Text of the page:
If you aren’t diabetic then jump straight to Blood Pressure
Diabetes is increasingly common and not only comprises raised blood sugar, but has long term effects on the heart, large blood vessels, and small blood vessels relevant to surgery. Poor control before and during surgery can have adverse effects in terms of these effects, so heart attacks, chest and wound infections, and slow speed of healing are all more common (as circulation to the wound site might be reduced). Furthermore your actual diabetes will be put under stress by the starvation, stress and other effects of the surgery and anaesthetic. Specific actions and planning around your surgery will be undertaken at the time, but if you start off with the best control possible this is obviously beneficial.
How to measure “diabetes control” / what is HbA1c
For your annual review, and at other times, you will have had a blood test to find out how your diabetes is going. This test will be your HbA1c. This test tells us what your blood sugar levels have been over the last 100 days or so. Normal HbA1c levels are below 42, and good control for diabetes is below 59. We aim for surgery to be at least below 69 as this the level when problems get worse.
What can I do?
It is sensible to arrange a fresh check of your diabetes control (HbA1c blood test) as soon as possible. This will allow time for change as this test takes about 3 months to reflect any changes you make. If your HbA1c blood test is more than 69 at the time of your operation (and could be better) it is likely the anaesthetist will wish to postpone your surgery for your own benefit. Therefore it is in your best interest to get it down as early as possible (and is a good idea in any case).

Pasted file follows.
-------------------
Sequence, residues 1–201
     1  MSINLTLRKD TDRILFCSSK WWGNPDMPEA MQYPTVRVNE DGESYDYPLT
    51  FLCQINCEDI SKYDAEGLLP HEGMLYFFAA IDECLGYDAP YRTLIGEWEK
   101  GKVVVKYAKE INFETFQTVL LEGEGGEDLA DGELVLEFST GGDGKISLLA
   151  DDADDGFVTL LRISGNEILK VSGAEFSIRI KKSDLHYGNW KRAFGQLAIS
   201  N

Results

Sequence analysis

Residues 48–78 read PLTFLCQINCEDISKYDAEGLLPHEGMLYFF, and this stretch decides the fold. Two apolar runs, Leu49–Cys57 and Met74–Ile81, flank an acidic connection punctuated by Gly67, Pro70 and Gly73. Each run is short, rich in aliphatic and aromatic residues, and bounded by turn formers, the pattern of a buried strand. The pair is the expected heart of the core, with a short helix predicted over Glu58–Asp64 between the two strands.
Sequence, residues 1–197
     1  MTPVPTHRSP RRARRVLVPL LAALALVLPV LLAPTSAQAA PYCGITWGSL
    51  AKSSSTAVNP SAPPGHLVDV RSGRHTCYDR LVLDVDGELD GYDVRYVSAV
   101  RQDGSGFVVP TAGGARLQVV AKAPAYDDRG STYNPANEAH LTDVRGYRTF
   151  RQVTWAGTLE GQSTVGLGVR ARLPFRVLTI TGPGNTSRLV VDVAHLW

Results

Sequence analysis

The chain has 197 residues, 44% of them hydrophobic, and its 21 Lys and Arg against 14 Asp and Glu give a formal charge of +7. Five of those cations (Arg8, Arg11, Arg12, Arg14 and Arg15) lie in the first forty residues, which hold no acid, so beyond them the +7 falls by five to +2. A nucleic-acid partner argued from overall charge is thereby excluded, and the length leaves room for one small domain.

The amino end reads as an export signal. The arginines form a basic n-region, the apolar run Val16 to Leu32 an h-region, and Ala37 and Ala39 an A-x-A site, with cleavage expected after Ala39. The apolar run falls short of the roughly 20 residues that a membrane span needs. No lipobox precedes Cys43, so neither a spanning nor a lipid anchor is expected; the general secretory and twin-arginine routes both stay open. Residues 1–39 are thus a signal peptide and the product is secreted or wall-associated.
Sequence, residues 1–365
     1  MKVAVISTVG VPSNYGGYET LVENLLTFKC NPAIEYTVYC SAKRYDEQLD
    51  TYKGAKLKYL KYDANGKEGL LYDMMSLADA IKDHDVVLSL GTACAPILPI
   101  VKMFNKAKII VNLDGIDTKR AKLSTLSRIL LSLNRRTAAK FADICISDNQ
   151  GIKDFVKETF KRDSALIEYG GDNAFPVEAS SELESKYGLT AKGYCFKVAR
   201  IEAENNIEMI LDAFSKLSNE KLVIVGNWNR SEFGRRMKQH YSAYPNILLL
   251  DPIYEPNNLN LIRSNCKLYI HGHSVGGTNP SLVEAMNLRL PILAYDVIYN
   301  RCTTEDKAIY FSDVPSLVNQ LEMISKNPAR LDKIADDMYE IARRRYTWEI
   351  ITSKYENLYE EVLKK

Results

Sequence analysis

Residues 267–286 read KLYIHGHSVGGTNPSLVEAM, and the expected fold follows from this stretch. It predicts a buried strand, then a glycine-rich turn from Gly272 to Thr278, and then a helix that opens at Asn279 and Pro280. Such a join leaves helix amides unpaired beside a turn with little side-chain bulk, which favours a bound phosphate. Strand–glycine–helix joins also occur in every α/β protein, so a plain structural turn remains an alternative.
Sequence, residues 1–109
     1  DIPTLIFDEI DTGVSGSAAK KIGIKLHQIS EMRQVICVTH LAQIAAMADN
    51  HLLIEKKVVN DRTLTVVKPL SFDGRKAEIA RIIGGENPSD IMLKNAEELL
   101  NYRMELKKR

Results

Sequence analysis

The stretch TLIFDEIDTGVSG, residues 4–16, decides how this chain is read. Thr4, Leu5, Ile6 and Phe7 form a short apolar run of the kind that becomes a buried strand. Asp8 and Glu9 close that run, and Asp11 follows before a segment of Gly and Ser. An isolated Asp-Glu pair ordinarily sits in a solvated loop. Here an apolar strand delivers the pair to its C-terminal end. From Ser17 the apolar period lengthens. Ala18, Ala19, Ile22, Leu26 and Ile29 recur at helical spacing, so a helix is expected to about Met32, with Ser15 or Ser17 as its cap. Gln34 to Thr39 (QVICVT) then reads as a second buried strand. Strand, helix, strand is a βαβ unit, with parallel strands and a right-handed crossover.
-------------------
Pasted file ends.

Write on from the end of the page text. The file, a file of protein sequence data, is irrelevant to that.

Action to take
- Check when your last test was and ask for a fresh HbA1c test if appropriate (usually in the previous 2-3 months is OK).
- If your HbA1c reading is more than 69 speak to the surgery/specialist nurse/hospital team to discuss what action is needed.
- Sometimes we accept that people have readings that are higher than ideal but are the best that can be achieved. (People who are very old, frail or on maximal treatment levels). This can be discussed and choices considered as to the best way forward.
It is important that any changes to your medication and lifestyle are done in a considered fashion, and remember that any sudden changes may even be more dangerous if you end up with unstable control.
You may be aware of our general target to keep the HbA1c below 59 and this is correct. The higher limit here is because we can show that the problems for surgery go up particularly above this level.
What is the evidence